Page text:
Is China’s VPN crackdown all about the money?

China is in the process of trying to block access to VPNs to all individuals and business. Most assume that this is because the Communist Party of China (CCP) remains determined to control access to information in this authoritarian one-party state. But is there a more capitalist motivation behind their actions too? Money.

One columnist in the Financial Times has suggested that this is at least as important, if not more so, and constructed a pretty compelling case to back up her argument.

Power or money?

Lucy Hornby highlighted in her column the fact that China is not actually blocking access to the uncensored internet for businesses. Instead, they are forcing them to use Chinese-controlled software instead.

International businesses in China have the option to use Chinese VPN services, which have been licensed by the Communist Party. State efforts to regulate the VPN sector in China has seen a number of independent VPN providers shut down and individuals operating or selling VPN services, being arrested and jailed.

The other option open to international businesses is to pay for a leased line; a secure private connection to the internet. But these are only available from state-run telecoms companies and cost an exorbitant price, even for a big multinational company.

Being run by state-run companies which are dependent on the Communist Party, they are also highly unlikely to be secure either, with most business assuming that such leased lines are going to be tapped.

Classic protectionism

Lucy Hornby describes this move as a classic case of rent-seeking by a regulator eager for the licence fees that come from forcing everyone to use favoured companies.”

She also stressed that this was not the first time the CCP had made such a move. An example given was that of the state-run Xinhua news agency’s efforts to secure a share of foreign newswires’ sales after making the argument that it was “safeguarding state sovereignty”.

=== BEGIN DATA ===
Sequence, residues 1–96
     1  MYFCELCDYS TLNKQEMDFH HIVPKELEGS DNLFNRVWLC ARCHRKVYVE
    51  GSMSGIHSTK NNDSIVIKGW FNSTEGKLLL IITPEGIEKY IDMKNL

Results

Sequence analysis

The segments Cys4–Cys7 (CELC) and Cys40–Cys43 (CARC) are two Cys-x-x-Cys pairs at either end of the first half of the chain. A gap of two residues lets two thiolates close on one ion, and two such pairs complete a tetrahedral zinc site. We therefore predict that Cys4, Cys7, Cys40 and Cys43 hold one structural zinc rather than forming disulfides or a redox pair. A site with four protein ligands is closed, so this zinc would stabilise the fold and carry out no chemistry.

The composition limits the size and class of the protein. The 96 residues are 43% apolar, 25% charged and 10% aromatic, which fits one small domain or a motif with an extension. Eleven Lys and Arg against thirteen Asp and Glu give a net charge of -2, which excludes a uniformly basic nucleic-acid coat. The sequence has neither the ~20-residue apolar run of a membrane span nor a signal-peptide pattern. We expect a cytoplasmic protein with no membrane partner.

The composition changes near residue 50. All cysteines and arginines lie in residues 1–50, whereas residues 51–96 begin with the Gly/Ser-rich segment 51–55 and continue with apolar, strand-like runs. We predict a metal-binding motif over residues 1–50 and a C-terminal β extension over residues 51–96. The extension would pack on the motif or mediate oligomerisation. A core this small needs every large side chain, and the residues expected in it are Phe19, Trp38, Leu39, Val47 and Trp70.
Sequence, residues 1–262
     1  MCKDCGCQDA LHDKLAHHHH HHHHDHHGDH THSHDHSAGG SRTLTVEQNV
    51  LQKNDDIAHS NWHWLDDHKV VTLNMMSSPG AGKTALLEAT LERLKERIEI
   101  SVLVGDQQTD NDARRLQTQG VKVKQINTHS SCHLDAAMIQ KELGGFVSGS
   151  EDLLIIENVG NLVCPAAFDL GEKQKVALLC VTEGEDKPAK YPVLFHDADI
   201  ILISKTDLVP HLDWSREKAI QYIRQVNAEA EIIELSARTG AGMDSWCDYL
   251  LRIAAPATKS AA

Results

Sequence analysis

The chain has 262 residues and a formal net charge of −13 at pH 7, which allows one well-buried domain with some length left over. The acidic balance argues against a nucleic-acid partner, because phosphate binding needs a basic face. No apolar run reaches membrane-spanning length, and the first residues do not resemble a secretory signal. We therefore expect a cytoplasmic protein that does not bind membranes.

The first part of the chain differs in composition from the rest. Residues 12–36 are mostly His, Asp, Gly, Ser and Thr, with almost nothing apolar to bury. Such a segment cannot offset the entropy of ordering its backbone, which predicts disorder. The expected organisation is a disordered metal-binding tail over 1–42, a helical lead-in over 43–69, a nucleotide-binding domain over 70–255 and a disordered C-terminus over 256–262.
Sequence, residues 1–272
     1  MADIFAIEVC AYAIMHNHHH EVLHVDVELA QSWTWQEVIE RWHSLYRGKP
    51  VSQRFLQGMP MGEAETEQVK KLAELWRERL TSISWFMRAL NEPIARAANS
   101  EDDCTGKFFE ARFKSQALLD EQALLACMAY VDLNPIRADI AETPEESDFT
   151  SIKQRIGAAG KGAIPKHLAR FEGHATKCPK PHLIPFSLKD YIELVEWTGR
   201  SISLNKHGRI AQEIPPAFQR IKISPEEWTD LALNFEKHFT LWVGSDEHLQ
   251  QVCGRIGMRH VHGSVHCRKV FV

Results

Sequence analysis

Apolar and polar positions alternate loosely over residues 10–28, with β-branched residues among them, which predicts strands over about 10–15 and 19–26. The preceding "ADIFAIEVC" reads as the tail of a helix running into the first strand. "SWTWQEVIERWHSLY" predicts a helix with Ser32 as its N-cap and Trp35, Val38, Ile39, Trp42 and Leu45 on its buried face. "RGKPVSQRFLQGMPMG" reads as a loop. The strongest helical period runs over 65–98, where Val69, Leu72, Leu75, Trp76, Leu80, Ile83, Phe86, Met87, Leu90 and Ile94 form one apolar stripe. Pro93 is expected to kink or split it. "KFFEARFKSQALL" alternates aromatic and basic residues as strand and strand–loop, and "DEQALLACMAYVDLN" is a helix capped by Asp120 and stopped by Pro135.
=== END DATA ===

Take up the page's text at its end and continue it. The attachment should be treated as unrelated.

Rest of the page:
Xinhua lost this claim at the World Trade Organization (WTO). But astonishingly, the WTO ready accepts the rights of the Chinese state to censor information access to its own people.

However, they do oppose the sort of protectionist policies that allow China to block corporate access to a service being provided by an international service in favour of one being offered by a domestic service. And there can be little doubt that this is what the VPN ban in China amounts to.

But to question the VPN ban would in effect be to question the who of the CCPs so-called ‘Internet Sovereignty’ vision. As we have discussed before, ‘Internet Sovereignty’ is the concept that every state has the right to regulate, censor, and surveil the internet in their own country.

Such a policy not only leads inevitably to widespread online censorship and surveillance, but also to inevitably protectionism, as states favour those business and services closest to them, either ideologically or geographically.

Whether the WTO would stand up to China and the CCP on this issue remains to be seen. But it is a possibility, especially given the big problems being felt by some international businesses and embassies already.

But that would require a country, most likely the USA, to challenge China on this issue in the WTO. And, as Lucy Hornby points out, that seems unlikely under the current administration. Not least because of their own intrusive online surveillance programmes.

And even if they did, the likelihood is that the CCP would strongly resist. The new setup is likely to be hugely profitable to the state-run Telecoms companies in the short to medium term at least. Money that they are badly in need of.

And with China’s Belt and Road policy trying to export the ‘internet sovereignty’ concept to other authoritarian regimes, the opportunities for profit could be even larger.

Profit an undeniable factor, but not the only one

So, Lucy Hornby is absolutely right to claim that money is a factor in the ban on VPNs being introduced in China. But so too is information control and it would be wrong to underestimate the lengths that the CCP will go to retain its grip on power.

All of which means that for international companies and individuals, proper internet access is going to become harder and harder to find in the months ahead.

But, there are still some VPNs working in China, which you can read about in our Best VPN for China 2018 article. These are all still working in China at the time of writing.

And they can rest assured that these providers and others, will be doing everything within their power to ensure that international VPNs can still be accessed in China, by everyone.

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